In today’s global village, there is increasing pressure for differentiation.  There was a time when hotel chains prided themselves on the uniformity of their properties – “anywhere in the world, you’ll know that you’re in one of our hotels” – sure, but where in the world am I!

In Africa, designers want to bring local “flavour” into hotel design, with plenty to work with – the rich colours of African textiles, for example, provide ample opportunity to place the hotel into its local context.  An excellent example of this is the newly-opened African Regent hotel in Accra, Ghana, where the lobby and restaurant are beautifully decorated with African textiles, timber and other materials.

But behind the scenes, there are other design features dictated more by the operating environment than by the interior designer.

The (hot and humid) climate is a major influence on design, with the need for shading to reduce solar gain, and thus energy use in cooling bedrooms and other spaces.  Back of house, cooling is required in all staff areas, and in stores, especially the garbage store – an area uncooled at your peril!  Good design will ensure that doors are always self closing, to prevent the loss of cooled air, and revolving doors at the front entrance perform the same purpose, also keeping out the dust in the dry season.  And when it rains in Africa – it RAINS!  Control of water flow is a must, to prevent flooding and consequent damage.

In many locations, access to food and other supplies can be difficult, relying often on shipments from abroad, and this means greater storage areas than normal.  This relates not only to consumables, but also to maintenance items like spare parts – when importing equipment from abroad, it is necessary to ensure a ready supply of spare parts, which often means buying several years’ worth in advance –and storing them.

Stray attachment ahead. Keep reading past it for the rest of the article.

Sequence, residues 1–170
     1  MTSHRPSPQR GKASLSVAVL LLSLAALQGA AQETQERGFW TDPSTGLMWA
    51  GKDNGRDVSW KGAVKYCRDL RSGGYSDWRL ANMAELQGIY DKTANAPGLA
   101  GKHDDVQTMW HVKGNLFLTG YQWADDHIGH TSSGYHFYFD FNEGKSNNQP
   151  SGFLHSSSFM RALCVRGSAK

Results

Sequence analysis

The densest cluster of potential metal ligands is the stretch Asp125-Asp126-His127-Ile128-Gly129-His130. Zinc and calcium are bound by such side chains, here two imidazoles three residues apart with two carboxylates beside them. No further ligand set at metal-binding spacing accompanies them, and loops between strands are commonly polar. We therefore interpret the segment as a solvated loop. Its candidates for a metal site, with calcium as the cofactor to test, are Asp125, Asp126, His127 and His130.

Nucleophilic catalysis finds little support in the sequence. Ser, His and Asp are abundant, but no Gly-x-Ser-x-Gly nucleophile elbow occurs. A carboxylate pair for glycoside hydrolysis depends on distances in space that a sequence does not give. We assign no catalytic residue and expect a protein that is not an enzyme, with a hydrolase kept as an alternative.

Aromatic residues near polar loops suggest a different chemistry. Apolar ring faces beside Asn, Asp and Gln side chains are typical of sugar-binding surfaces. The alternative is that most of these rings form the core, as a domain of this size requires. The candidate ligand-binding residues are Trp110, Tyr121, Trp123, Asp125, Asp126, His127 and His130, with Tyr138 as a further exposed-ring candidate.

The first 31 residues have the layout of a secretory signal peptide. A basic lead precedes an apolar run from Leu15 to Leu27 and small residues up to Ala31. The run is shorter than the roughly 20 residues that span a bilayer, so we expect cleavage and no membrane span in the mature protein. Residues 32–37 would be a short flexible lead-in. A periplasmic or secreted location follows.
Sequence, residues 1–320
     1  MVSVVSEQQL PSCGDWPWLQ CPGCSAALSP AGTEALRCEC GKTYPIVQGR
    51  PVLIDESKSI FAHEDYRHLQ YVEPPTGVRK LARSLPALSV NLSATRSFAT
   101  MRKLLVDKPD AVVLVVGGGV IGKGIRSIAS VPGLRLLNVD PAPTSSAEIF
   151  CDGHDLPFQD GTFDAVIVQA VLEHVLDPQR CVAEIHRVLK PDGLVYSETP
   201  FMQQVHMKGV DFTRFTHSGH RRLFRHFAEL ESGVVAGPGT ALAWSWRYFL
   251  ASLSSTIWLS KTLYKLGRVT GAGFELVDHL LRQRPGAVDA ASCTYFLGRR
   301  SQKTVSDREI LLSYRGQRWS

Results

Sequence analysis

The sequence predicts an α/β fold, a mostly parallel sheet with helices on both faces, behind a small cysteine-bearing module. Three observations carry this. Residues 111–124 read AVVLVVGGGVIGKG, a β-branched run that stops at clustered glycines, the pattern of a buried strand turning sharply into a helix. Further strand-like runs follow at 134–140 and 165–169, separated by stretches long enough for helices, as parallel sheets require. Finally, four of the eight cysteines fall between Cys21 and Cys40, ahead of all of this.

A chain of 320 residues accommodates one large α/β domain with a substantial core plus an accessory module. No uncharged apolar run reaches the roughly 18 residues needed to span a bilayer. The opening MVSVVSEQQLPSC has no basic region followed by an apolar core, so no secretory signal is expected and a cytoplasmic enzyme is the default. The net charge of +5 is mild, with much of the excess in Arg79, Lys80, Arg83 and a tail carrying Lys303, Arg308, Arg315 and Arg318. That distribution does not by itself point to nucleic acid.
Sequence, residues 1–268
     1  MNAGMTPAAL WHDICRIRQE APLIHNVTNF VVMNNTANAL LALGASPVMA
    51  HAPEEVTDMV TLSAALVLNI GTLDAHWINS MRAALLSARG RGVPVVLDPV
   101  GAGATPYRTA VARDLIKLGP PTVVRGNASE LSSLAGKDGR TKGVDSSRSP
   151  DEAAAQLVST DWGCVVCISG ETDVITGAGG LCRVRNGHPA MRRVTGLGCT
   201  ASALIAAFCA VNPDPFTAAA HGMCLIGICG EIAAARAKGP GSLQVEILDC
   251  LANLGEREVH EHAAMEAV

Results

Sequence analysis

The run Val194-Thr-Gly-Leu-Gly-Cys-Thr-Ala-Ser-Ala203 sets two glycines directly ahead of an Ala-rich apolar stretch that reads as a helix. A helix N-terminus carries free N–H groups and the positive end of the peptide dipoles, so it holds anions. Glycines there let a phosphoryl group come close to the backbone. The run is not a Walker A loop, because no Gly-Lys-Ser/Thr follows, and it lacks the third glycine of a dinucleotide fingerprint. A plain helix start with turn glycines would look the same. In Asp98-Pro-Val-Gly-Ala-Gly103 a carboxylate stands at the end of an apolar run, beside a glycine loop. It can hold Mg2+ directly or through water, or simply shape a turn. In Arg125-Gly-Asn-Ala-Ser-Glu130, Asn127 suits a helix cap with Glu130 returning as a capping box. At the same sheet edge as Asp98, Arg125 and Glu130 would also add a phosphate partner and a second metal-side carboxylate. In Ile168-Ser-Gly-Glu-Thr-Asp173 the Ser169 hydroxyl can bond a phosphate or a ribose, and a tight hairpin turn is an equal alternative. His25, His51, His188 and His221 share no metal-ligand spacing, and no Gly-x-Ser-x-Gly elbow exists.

Higher employee numbers, due to lower productivity, also require larger areas for staff changing, dining and training rooms and the like.

In Nigeria, and other countries lacking in basic infrastructure, more drastic and costly measures need to be taken – all hotels need to be totally self sufficient, which means providing generators for power supply – not one generator, but at least two, of different outputs, so that management can save energy when the hotel is running at less than full capacity –  a borehole for water, and a sewage treatment plant.  Anthony Ukpo, the owner of the Le Meridien Ogeyi Place Hotel in Port Harcourt, Nigeria, believes that such

requirements increased the cost of equipping the hotel by 50 per cent – were it not for the fact that land is generally cheaper in Africa, this could cripple the economics of hotels.

And there are some cultural factors in Africa that influence design, sometimes in surprising ways.  I nearly always specify tiles in guest bedrooms, because carpets attract insects, and in a humid atmosphere begin to smell.  Keeping the air conditioning running to prevent that is too costly, and leaks from the a/c units damage carpets.  But in the Saharan region, it is customary to sit on the floor to hold meetings and socialise, especially when a hierarchy needs to be preserved (with the senior person present on a chair above the others).  So, carpet it is!

Trevor Ward

W Hospitality Group, Lagos

trevor.ward@w-hospitalitygroup.com